CumInCAD is a Cumulative Index about publications in Computer Aided Architectural Design
supported by the sibling associations ACADIA, CAADRIA, eCAADe, SIGraDi, ASCAAD and CAAD futures

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_id ecaade2014_232
id ecaade2014_232
authors Daniel Baerlecken and Sabri Gokmen
year 2014
title Emphatic Lines - Surface structuring based on Walter Crane's pattern making methods
source Thompson, Emine Mine (ed.), Fusion - Proceedings of the 32nd eCAADe Conference - Volume 2, Department of Architecture and Built Environment, Faculty of Engineering and Environment, Newcastle upon Tyne, England, UK, 10-12 September 2014, pp. 107-114
summary The paper introduces a method for structuring and ornamenting double-curved geometry, which is developed through the lens of Walter Crane. Crane's method for pattern making is based on underlying scaffolds and infill patterns for two dimensional surfaces. The presented research uses his method and applies it through digitals means to three dimensional surfaces. The scaffold is used to solve the problem of curvature: it creates flat facets. This approach is tested through a prototypical installation at the Musee d'Jurassien d'Art and d'histoire using aluminium sheet metal and water-jet cutting, but can also be transferred to other architectural applications.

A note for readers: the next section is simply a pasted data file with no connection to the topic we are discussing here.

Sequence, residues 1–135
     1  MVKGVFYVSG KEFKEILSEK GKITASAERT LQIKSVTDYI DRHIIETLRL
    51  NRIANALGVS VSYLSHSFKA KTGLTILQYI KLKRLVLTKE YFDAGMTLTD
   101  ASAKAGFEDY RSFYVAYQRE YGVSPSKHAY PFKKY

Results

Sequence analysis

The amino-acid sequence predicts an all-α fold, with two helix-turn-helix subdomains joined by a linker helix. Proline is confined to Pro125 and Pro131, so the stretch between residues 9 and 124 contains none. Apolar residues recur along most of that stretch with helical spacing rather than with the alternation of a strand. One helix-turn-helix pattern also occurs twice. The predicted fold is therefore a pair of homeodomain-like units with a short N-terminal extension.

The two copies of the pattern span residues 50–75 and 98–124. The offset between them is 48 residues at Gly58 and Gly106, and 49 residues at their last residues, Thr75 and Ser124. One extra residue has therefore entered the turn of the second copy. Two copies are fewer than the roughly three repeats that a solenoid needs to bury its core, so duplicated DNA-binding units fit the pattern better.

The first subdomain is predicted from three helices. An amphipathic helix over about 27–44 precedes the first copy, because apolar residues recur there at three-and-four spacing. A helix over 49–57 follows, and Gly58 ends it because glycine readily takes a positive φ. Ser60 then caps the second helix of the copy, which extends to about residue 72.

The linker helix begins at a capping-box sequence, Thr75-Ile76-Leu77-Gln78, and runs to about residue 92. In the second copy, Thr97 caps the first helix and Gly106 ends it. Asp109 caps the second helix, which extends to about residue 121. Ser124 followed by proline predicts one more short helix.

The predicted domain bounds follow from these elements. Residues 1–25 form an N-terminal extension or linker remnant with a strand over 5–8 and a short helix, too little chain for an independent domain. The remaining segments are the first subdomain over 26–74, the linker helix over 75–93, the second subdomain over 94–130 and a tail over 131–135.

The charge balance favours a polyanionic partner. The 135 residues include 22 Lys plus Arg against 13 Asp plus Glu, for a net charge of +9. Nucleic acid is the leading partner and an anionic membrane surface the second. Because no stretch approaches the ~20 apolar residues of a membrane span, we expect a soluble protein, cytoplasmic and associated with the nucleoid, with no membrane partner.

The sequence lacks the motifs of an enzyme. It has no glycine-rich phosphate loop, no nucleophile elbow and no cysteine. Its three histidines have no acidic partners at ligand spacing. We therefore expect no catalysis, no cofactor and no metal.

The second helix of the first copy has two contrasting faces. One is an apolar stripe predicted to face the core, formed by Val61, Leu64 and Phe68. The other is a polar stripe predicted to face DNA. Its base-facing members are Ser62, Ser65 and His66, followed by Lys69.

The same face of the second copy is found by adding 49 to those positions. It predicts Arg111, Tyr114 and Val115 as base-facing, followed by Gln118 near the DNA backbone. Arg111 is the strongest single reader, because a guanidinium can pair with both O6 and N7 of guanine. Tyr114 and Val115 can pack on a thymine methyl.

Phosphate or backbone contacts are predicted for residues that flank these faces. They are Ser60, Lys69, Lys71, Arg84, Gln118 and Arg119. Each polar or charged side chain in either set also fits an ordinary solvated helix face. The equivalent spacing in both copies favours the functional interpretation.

wos WOS:000361385100010
keywords Tendrils; patterning; making; facets
series eCAADe
email daniel.baerlecken@coa.gatech.edu
last changed 2016/05/16 09:08

_id sigradi2005_178
id sigradi2005_178
authors Kenzari, Bechir
year 2005
title Synthesis of cutting-edge technologies and miniature tooling in the physical modelling of architectural objects designed on CAD
source SIGraDi 2005 - [Proceedings of the 9th Iberoamerican Congress of Digital Graphics] Lima - Peru 21-24 november 2005, vol. 1, pp. 178-183
summary Developments made in the Rapid Prototyping and CAD/CAM (including CNC and Laser) Technologies are giving designers the advantage of building physical realities, at whatever scale, directly and automatically from computer files, with the explicit implications of speed, precision and flexibility. Yet there are modeling details that can only be solved through the use of specialized materials, accessories and miniature tools which neither fall under the CNC, laser or rapid prototyping categories, but complement them. The most emphatic aspect of this research is to show how technical expertise, craftsmanship and detailing in the making of physical models require the intervention of not-so-well-known tools and machines. In the absence of an ideal technology to convert all 3-d digital models into physical models, and despite the advent of CAD-CAM and Rapid Prototyping, the combination of high technology and miniature tooling becomes the ultimate way to go in order to solve many modeling requirements.
series SIGRADI
email b.kenzari@uaeu.ac.ae
last changed 2016/03/10 08:53

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